Emacspeak: An open source text-to-speech interface meant for visually-challenged users as an enabler to browse the Web and use various programs without assistance.
SAFA (Screen Access For All): A cheaper alternative to the JAWS screen reader, which uses an Indian-sounding synthesiser for the speech engine.
Mobilespeak: A screen reader application with Braille support for Symbian Series 60 Edition cell phones.
TALKS: A screen reader that supports 20 languages on Symbian Series 60 phones.
Call History: Software that allows visually-impaired users to hear a description of dialled, missed, and received calls, along with voice-prompt-based navigation.
Screen / Text Magnifiers
MAGic: Screen magnification software with hotkeys different from those in Windows.
ZoomText: A text magnifier and reading software for low-vision users.
Talking Typing Teacher: Meant for novices as well as advanced users, this is a typing tutor with speech used for every function
Braille: Duxbury’s Braille Translator
Software that provides translation, formatting, and word-processing facilities to automate the process of working from regular text to Braille and vice-versa.
WinBraille: A Braille editor meant for Index Braille embossers.
Shree-Lipi Braille (Indian-language Braille translation software):
Has support for Indian languages including Hindi, Marathi, Sanskrit, Gujarati, and others, with the main function of enabling translation of text to Braille. The file created can be used with a Braille embosser to print out content in Braille.
AMIS: (Adaptive Multimedia Information System) for the DAISY Book Reader
An open source book-reading software for talking books saved in the DAISY format, with support for South Asian languages.
This list represents software widely used in India; it is not exhaustive.
Now, though GNU/Linux-based OSes and programs are free, why is the common man still unaware of their benefits? Mane laments, “Free-of-cost programs are very costly, as the willingness to share is rare. If the government and people gain some awareness soon, they’ll realise the benefits of viable and affordable open source systems over the costly proprietary ones that lack Indian speech synthesis and language support.”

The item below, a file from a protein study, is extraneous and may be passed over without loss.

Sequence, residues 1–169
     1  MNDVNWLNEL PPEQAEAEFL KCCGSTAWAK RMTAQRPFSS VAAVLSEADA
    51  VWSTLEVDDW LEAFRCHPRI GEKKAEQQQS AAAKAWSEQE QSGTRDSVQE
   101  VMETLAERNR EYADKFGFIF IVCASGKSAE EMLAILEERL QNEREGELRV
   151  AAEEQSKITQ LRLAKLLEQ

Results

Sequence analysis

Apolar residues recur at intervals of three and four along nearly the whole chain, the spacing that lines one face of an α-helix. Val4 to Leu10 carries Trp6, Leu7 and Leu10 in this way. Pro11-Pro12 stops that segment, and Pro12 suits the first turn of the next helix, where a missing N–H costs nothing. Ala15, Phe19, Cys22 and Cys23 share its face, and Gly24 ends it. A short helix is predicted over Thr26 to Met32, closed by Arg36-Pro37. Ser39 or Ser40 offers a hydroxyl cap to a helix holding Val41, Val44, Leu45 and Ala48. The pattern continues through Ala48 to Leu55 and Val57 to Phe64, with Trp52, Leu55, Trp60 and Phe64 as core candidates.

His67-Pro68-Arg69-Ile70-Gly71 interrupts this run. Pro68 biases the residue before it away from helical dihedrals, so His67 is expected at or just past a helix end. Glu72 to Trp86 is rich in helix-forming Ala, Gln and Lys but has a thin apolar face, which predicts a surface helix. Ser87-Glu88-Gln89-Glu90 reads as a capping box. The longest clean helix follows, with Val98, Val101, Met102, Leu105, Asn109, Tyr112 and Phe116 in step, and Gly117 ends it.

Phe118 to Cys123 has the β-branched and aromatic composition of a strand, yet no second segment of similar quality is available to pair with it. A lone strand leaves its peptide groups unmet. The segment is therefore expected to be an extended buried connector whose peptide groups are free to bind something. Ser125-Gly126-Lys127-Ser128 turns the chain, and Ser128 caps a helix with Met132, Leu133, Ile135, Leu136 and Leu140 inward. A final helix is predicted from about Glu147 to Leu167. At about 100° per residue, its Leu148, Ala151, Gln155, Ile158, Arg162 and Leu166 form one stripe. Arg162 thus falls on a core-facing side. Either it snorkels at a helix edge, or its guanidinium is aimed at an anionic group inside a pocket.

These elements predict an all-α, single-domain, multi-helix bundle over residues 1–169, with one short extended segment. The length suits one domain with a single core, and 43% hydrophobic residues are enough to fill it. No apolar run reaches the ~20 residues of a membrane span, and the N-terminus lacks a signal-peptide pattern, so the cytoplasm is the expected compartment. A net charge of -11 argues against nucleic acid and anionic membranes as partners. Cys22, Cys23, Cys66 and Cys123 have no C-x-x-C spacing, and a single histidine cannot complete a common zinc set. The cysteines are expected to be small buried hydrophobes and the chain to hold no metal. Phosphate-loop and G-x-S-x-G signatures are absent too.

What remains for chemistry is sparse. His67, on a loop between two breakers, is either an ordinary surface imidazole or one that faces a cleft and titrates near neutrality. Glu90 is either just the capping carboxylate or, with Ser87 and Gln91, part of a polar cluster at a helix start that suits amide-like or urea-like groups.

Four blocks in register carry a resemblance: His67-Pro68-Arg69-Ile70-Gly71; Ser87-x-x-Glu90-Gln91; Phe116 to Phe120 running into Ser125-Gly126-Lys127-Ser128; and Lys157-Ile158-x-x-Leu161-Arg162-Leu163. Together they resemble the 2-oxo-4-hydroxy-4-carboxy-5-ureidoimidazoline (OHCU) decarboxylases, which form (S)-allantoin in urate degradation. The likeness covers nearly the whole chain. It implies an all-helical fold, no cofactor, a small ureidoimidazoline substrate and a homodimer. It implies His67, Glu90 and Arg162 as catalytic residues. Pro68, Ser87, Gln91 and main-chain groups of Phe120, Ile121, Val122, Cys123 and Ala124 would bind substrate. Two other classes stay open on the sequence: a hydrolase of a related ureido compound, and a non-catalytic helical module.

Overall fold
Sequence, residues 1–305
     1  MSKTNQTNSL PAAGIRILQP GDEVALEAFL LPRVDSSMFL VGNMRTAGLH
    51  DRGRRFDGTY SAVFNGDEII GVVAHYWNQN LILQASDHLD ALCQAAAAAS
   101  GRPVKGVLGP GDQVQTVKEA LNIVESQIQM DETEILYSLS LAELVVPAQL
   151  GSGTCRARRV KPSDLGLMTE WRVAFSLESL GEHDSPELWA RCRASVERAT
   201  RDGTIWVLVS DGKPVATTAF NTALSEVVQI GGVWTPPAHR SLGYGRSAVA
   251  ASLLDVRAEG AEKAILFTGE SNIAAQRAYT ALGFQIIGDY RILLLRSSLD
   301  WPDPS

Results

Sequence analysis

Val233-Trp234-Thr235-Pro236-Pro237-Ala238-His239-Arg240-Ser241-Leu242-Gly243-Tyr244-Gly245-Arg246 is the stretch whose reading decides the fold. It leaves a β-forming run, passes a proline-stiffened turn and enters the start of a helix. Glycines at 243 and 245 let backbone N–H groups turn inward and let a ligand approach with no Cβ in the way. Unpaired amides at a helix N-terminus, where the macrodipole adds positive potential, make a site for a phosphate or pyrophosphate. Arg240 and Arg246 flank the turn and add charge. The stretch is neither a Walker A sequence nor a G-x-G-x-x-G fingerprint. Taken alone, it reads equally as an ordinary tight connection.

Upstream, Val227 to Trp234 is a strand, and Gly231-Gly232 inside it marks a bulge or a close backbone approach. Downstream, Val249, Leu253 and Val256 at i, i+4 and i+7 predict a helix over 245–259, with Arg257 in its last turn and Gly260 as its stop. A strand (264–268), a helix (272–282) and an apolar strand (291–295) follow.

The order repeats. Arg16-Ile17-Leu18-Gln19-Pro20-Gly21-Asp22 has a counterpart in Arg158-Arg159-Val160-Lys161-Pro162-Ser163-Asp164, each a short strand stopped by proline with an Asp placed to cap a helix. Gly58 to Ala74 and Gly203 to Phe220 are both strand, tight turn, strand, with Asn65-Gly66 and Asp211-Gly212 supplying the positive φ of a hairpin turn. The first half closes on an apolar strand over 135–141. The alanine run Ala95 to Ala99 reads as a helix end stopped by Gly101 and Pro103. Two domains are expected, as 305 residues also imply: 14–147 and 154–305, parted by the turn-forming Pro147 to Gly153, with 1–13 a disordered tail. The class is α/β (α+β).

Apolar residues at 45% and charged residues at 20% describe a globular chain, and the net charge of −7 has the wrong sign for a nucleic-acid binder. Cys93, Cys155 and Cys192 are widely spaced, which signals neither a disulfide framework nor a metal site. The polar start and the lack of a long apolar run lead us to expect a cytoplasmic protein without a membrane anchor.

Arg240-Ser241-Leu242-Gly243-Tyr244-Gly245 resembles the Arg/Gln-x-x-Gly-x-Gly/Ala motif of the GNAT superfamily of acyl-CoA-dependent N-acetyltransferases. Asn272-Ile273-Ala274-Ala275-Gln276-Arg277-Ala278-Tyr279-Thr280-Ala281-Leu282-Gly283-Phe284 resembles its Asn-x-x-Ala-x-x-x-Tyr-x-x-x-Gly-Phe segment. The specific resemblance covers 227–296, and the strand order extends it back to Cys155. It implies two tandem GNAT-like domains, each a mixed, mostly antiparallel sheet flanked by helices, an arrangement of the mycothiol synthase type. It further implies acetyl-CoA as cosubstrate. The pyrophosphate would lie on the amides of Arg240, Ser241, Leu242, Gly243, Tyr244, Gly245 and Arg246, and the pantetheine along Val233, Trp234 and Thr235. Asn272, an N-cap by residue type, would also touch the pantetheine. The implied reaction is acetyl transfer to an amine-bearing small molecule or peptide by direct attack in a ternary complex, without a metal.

This idea has hit Kerala state. Today, over 80 IT resource centres provide training facilities to people in rural areas as well as to visually-challenged people on computers running open source OSes with the Orca screen reader installed for the benefit of the latter.
Like J K Rowling wrote in Harry Potter and the Order of the Phoenix, “It is not our abilities but our choices which make us what we are.” Visually-challenged people are ready to take up the challenges of life—now with technology at their side. Many tech evangelists have predicted that the future of computing is mobile; usage patterns seem to indicate the truth of this.
Neha Trivedi, Project Officer, XRCVC, says, “In the near future, a multifunction portable gadget / device that can do nearly most functions will increase the flexibility of performing tasks like text-reading, scanning, and the use of speech technology almost anywhere. This could make the visually-challenged more independent.”
Various aids, including software, audio players, and multifunctional gadgets do exist for the visually-challenged. But they’re expensive for the most part, and quite unaffordable for most of those who need them.
You can help. Donate old working PCs to IT resource centres run by your state government, or trusts for the visually challenged, or at NGOs like Enable India and many more (take a look at the Touched by Tech section in our July 2007 issue). At the Talking Libraries and resource centres—like XRCVC in Mumbai—you can volunteer to scan printed material for conversion to audio-books. A lot of people will be happy.